Suburbs May Be Hazardous to Your Health
People Who Live in Sprawling Suburbs May Face Greater Health Risks
Sept. 27, 2004 -- Living in a sprawling suburb may be hazardous to your health.
A new study shows that people who live in areas with a high degree of suburban sprawl are more likely to report chronic health problems, such as high blood pressure, arthritis, headaches, and breathing difficulties, than those who live in urban areas.
Researchers say the findings suggest that an adult who lives in a more sprawling city, such as Atlanta, may have the same health status as a similar person four years older who lives in a more compact city, such as Seattle.
But despite those who say living in the suburbs may breed isolation and depression, researchers found no evidence that suburban living increased the risk of mental health disorders.
Instead, they propose that suburbanites' dependence on cars to get around may be responsible for their higher rates of health problems.
"We know from previous studies that suburban sprawl reduces the time people spend walking and increases the time they spend sitting in cars, and that is associated with higher obesity rates," says researcher Roland Sturm, a health economist at the RAND Corp., in a news release. "This probably plays an important role in the health effects we observe."
The results appear in the October issue of the journal Public Health.
Suburban Sprawl: Public Health Enemy No. 1?
In the study, researchers analyzed information gathered by the Healthcare for Communities surveys conducted in 1998 and 2001, which contain information on physical and mental health for more than 8,600 people in 38 metropolitan areas across the U.S.
Researchers then compared the responses of the participants according to the degree of sprawl in the area in which they lived. The sprawl index ranged from a low of 14.2 in Riverside-San Bernardino, Calif., which had the most sprawling neighborhoods, to a high of 177.8 in New York City, which had the most compact neighborhoods.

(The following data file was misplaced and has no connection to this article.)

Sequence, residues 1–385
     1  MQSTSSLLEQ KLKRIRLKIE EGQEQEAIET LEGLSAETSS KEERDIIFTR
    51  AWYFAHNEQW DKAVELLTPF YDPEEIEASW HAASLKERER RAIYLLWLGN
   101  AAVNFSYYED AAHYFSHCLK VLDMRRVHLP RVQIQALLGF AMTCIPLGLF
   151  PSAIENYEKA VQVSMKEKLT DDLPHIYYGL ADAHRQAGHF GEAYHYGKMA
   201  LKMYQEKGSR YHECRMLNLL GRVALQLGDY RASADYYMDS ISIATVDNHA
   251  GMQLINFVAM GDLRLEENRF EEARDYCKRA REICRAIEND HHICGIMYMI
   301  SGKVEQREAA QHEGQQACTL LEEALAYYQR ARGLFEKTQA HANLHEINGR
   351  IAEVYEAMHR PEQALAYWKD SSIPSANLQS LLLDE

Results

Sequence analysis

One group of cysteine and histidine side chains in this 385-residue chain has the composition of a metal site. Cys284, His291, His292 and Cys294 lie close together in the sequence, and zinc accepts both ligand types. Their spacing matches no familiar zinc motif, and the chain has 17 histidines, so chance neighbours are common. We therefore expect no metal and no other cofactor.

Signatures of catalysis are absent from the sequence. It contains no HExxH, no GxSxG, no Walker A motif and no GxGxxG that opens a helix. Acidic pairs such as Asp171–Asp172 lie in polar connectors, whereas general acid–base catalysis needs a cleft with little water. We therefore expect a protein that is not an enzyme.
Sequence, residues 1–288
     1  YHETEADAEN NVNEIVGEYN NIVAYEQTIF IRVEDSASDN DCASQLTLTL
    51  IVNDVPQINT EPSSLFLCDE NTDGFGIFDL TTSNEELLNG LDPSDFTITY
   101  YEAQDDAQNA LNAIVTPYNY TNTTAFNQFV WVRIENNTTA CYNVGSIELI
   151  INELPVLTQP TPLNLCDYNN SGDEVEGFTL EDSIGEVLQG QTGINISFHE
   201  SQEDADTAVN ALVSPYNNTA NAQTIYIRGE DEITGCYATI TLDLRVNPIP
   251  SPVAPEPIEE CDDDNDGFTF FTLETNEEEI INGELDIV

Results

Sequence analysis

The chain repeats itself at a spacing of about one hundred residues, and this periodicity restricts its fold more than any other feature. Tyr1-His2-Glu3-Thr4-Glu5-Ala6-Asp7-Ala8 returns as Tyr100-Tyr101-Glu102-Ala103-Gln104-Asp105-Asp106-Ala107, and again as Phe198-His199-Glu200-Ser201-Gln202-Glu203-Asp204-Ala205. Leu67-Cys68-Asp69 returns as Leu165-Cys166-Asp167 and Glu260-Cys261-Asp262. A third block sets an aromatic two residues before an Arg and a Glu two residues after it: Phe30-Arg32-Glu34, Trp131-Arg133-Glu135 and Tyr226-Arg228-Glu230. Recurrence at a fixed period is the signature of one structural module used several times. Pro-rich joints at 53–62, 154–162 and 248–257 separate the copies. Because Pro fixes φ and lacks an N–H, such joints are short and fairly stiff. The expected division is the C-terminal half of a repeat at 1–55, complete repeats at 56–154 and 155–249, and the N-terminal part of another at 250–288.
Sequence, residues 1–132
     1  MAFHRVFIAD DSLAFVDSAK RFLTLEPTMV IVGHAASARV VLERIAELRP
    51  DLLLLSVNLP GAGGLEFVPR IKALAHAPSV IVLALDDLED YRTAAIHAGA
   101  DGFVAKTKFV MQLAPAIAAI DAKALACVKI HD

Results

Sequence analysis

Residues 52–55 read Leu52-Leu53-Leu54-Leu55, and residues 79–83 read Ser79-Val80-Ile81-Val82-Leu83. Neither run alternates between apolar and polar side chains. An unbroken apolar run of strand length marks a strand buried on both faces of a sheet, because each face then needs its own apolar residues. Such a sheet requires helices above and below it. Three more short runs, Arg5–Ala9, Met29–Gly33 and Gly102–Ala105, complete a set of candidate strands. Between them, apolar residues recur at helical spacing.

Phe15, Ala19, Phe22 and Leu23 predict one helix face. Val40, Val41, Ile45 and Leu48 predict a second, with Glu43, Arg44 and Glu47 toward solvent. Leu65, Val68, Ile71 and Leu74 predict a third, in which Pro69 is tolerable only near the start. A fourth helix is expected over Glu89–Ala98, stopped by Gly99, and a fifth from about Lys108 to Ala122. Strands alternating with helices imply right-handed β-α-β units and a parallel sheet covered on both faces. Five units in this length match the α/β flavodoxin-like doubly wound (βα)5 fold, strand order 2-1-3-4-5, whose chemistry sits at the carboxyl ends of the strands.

Sprawling areas were defined as those that had:
- Streets that are not well connected, such as cul-de-sacs rather than a well-connected grid layout
- Homes, schools, work, and shopping areas that are far from each other
- Few people living per square mile (low population density)
- No or little centralized downtown area
The study showed that people living in sprawling areas reported a greater number of chronic medical conditions than those living in more compact areas. On average, people reported having 1.26 medical conditions, but those living in the sprawling areas reported up to 1.77 medical conditions (West Palm Beach, Fla.).
Researchers say the link between suburban life and higher risk of physical health problems remained significant even after they controlled for factors like age, economic status, race, and local environment that might help explain the disparity.
They say suburban sprawl seems to have a disproportionate impact on the physical health of the elderly and possibly the poor. These groups may have less access to motor transportation and have more difficulty in walking the greater distances to destinations such as markets or parks.